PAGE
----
Today gatka is most often showcased during the martial festival of Hola Mohalla, as well as Independence Day and Republic Day celebrations in the Panjab. Gatka is one of the competitions held during an annual sporting event in the rural Indian city of Kila Raipur, and the Sikh community of Malaysia often holds gatka demonstrations during Vaisakhi or the Sikh new year.[citation needed] Once considered a diminishing art by UNESCO and SAARC,[citation needed][year needed] the intense and concerted efforts of these gatka federations has popularized it amongst the students in north India.


The traditional training hall for gatka is the akhara.[6] Sikhs may train in a religious or semi-religious situation, such as in a gurdwara (Sikh temple).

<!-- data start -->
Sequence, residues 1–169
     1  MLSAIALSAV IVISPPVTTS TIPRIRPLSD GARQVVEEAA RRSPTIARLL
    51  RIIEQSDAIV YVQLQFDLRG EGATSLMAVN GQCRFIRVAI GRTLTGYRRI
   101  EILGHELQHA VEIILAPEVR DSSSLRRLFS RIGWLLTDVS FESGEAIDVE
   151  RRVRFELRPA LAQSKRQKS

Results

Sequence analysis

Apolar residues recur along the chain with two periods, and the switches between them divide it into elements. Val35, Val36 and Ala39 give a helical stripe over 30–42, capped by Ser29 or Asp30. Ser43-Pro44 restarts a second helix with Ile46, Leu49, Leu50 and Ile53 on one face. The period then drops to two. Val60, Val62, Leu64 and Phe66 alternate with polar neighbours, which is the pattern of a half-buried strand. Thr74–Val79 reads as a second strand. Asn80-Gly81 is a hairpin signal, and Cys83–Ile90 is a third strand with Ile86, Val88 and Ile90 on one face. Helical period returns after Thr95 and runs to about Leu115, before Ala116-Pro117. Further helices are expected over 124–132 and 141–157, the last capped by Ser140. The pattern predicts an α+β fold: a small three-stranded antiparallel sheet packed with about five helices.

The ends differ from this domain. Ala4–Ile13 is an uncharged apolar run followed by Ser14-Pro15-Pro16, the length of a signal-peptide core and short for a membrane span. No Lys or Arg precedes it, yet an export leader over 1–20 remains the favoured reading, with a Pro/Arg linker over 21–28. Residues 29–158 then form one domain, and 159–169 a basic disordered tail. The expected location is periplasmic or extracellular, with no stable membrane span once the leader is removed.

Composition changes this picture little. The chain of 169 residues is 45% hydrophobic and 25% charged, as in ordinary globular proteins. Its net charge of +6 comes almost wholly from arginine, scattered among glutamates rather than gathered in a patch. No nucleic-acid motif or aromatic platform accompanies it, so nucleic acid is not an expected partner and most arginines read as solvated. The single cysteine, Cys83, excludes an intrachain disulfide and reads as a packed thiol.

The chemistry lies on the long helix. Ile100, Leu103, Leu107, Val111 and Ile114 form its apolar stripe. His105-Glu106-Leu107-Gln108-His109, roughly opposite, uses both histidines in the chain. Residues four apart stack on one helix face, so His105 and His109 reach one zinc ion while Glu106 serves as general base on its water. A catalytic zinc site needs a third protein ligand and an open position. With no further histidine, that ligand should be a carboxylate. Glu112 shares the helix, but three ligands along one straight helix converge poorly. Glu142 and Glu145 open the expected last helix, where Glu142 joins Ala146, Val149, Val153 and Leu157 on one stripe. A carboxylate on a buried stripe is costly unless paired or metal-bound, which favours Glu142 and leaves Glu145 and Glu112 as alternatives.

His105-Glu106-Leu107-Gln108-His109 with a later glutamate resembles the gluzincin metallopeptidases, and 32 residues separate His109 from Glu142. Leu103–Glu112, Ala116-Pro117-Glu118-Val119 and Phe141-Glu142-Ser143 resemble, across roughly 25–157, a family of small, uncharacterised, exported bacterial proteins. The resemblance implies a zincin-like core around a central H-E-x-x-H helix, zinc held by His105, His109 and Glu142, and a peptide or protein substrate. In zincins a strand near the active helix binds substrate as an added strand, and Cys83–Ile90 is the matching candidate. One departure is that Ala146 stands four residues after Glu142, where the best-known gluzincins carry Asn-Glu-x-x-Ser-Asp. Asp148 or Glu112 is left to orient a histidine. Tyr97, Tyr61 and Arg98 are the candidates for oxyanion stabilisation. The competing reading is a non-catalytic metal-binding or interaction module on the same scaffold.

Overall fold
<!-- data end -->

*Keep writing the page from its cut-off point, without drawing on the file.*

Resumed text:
The Gujjar tribe and pathan tribe (Tanoli) residing in mountainous regions of northern Pakistan practice an old variant of Gatka on plain terrain.

Tanoli tribesmen practicing the Gatka sport in northern Pakistan.


Khel (meaning sport or game) is the modern competitive aspect of gatka, originally used as a method of sword-training (fari-gatka) or stick-fighting (lathi khela) in medieval times. Competitors spar using sticks called gatka, from which the sport derives its name. The gatka are about three handspans long, made from light wood or bamboo and covered in leather. It may be used on its own or paired with another stick but for official matches, the gatka is paired with a leather shield called a pari. The fixed distance of sparring was introduced from British fencing during the colonial era. Points are scored for hitting or touching (shu) the opponent with the stick, but hits to vital points are forbidden. Victory by touch is known as shubaji.